Children travelling through the present. Narratives of transnational mobility in school
Author: Amadasi, Sara , firstname.lastname@example.org
University: University of Padova, Italy
Supervisor: Prof. Valerio Belotti
Year of completion: 2015
Language of dissertation: Italian
Areas of Research:
, Language and Society
In the last decade a meaningful number of children with a migration background has been included in Italian schools. In including these children, schools face major changes, including the development of courses for learning Italian as a second language and the management of periods of absence of those children who have temporal return experiences to their – or their family's – countries of origin during the academic year.
These trips represent both a relevant event for the school, introducing a break in the school system that reveals social changes of great interest to social sciences, and a meaningful investigation's field in the study of children.
While the studies that refer to the more traditional developmental psychology interpret these transnational experiences as disadvantageous for the child and for his/her identity formation, recent migration studies tend to look at children's international mobility as a resource to acquire a special ability to move between different cultural identities and for the development of intercultural or multicultural identity.
In both cases, however, it is possible to recognize, on the one hand, a still dominant conception of the child as "in-developing subject", which builds an image of children as passive recipients of cultural and social influences and, on the other, an essentialist approach applied to the concepts of identity and culture.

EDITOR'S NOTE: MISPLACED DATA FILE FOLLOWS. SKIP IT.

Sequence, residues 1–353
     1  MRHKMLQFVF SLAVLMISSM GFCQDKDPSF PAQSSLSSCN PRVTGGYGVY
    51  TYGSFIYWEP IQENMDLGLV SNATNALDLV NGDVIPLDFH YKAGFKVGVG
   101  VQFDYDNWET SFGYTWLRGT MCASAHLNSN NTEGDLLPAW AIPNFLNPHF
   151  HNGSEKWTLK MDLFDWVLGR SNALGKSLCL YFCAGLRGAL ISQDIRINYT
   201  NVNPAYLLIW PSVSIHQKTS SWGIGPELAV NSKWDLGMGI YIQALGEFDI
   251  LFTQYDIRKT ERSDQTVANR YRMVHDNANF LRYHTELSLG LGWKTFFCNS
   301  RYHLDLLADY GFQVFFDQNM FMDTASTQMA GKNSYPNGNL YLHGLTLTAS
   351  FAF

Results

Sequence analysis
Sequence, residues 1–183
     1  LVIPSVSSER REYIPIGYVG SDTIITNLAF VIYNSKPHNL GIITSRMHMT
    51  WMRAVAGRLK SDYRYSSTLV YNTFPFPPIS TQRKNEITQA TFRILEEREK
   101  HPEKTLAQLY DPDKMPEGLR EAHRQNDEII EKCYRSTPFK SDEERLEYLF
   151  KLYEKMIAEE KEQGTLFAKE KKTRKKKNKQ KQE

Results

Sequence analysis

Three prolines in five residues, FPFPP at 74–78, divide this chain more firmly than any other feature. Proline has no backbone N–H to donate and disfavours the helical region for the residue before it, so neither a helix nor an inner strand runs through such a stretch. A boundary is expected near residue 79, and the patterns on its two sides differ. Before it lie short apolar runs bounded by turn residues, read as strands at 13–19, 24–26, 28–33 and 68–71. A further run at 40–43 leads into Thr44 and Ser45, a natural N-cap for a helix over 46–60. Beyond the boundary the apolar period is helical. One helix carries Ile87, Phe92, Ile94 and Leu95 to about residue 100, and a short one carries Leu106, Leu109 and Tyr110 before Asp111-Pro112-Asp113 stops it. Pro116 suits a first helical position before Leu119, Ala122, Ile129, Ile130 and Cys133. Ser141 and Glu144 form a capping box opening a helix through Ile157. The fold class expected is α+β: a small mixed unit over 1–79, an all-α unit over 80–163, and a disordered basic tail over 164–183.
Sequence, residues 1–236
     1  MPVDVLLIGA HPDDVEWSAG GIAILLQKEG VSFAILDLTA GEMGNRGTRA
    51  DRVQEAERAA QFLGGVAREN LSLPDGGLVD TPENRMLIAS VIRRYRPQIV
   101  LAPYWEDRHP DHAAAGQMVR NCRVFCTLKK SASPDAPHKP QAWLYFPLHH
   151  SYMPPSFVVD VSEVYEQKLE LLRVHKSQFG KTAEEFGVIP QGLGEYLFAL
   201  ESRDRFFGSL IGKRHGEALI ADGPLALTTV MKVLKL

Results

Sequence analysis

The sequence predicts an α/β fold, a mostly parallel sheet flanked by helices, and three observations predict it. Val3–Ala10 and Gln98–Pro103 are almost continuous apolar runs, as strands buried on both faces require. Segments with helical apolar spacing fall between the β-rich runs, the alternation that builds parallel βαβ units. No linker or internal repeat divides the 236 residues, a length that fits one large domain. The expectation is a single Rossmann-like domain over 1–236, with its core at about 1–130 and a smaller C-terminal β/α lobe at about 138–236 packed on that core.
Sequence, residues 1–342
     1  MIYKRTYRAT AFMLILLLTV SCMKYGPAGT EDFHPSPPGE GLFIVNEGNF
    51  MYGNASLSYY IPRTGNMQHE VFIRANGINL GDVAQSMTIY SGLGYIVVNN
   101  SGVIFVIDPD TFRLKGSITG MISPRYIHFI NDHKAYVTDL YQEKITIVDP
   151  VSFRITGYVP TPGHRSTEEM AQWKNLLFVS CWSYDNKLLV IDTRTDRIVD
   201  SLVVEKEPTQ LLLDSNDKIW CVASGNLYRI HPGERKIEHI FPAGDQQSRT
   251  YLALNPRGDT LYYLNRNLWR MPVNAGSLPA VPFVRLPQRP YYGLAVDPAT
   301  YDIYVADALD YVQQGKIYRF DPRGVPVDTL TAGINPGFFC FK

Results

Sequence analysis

In line with the epistemological break with the more traditional developmental psychology introduced by the new sociology of childhood and adopting a non-essentialist perspective, this PhD work, based on a one year research conducted in two Italian schools, investigates the process through which children actively participate in the interaction and, therefore, in the generation of meanings related to their travel experiences and how the teachers for their part give meaning to these transnational mobility experiences involving students.
In particular, positioning theory, analysis of interactions and analysis of narratives, applied to data collected through audio-video recordings of interactions with children aged 7 to 15 and interviews with 19 teachers, allow to observe narratives and interactional practices through which participants show their active participation in the construction of meanings related to transnational mobility as well as, more generally, in social processes.